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Light Absorption in Sea Water

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This book provides a detailed description of light absorption and absorbents in seawaters with respect to provenance, region of the sea, depth of the occurrence and trophicity. The text is based on a substantial body of contemporary research results taken from the subject literature (over 400 references) and the work of the authors over a period of 30 years.
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Introduction: Absorption of Sunlight in the Ocean . . . . . . . . . . . . . . . . . 1 1.1 Inflow and Absorption of Sunlight in the Ocean . . . . . . . . . . . . . 1 1.2 Case 1 and Case 2 Waters . . . . . . . . . . . . . . . . . . . . . . . . . . . . . . . 6 1.3 The Light Absorption Coefficient and its Components in Sea Water . . . . . . . . . . . . . . . . . . . . . . . . . . . . . . . . . . . . . . . . . 7
Light Absorption by Water Molecules and Inorganic Substances Dissolved in Sea Water . . . . . . . . . . . . . . . . . . . . . . . . . . . 11 2.1 Light Absorption Spectra of Small Molecules Such as Water: Physical Principles. . . . . . . . . . . . . . . . . . . . . . . . 11 2.1.1 VibrationalRotational Absorption Spectra . . . . . . . . . . . 13 2.1.2 Electronic Absorption Spectra . . . . . . . . . . . . . . . . . . . . 28 2.2 The Absorption of Light and Other Electromagnetic Radiation in Pure Liquid Water and Ice . . . . . . . . . . . . . . . . . . . 44 2.2.1 Physical Mechanisms of Absorption . . . . . . . . . . . . . . . . 45 2.2.2 The Absorption of Electromagnetic Radiation in Pure Liquid Water . . . . . . . . . . . . . . . . . . . . . . . . . . . . 52 2.2.3 The Absorption of Electromagnetic Radiation in Ice . . . . . . . . . . . . . . . . . . . . . . . . . . . . . . . . . . . . . . . . 64 2.3 Light Absorption by Atoms, SeaSalt Ions and Other Inorganic Substances Dissolved in Sea Water . . . . . . . . . . . . . . 73 2.3.1 Dissolved Gases . . . . . . . . . . . . . . . . . . . . . . . . . . . . . . . 75 2.3.2 Salts . . . . . . . . . . . . . . . . . . . . . . . . . . . . . . . . . . . . . . . . 75 2.3.3 Inorganic Complex Ions. . . . . . . . . . . . . . . . . . . . . . . . . . 80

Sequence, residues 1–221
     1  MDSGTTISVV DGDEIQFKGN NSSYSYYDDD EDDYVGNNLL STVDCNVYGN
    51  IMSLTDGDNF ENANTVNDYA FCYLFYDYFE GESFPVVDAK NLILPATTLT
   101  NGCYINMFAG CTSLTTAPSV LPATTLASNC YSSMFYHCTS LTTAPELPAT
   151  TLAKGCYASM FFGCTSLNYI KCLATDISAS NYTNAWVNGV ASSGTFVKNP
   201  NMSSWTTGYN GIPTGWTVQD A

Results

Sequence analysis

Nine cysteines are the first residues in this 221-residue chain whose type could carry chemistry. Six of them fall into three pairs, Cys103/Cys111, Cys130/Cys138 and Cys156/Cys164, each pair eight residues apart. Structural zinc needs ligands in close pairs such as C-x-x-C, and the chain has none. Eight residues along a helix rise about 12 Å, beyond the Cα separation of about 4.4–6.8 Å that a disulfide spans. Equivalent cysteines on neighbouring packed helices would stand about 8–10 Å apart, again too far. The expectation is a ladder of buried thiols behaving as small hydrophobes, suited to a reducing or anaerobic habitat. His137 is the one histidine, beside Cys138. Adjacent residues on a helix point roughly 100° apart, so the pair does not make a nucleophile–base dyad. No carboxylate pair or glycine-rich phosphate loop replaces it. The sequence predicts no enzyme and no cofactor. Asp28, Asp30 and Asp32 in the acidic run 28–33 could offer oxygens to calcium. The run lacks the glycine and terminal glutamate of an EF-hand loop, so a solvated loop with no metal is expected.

The Interaction of Light with Organic Molecules Present in Sea Water: Physical Principles. . . . . . . . . . . . . . . . . . . . . . . 82 3.1 The Characteristic Absorption Properties of Simple Chromophores in Organic Molecules . . . . . . . . . . . . . . . . . . . . . 82 3.2 The Absorption Properties of Complex Organic Molecules with Conjugatedp. . . . . . . . . . . . . . . . . . 93Electrons .
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3.2.1 Linear Polyenes . . . . . . . . . . . . . . . . . . . . . . . . . . . . . . . . 93 3.2.2 Cyclic Polyenes . . . . . . . . . . . . . . . . . . . . . . . . . . . . . . . 100 3.2.3 Mixed Conjugations (p andnElectron) and Photosynthetic Pigments . . . . . . . . . . . . . . . . . . . . . . . . 101 The Influence of Auxochromic Groups and Complexes on the Optical Properties of Organic Compounds in the Sea . . . . . 105 3.3.1 Intramolecular Interactions . . . . . . . . . . . . . . . . . . . . . . 106 3.3.2 The Solvent Effect . . . . . . . . . . . . . . . . . . . . . . . . . . . . . 108 3.3.3 Organometallic Complexes . . . . . . . . . . . . . . . . . . . . . . 109 3.3.4 ChargeTransfer Complexes . . . . . . . . . . . . . . . . . . . . . . 110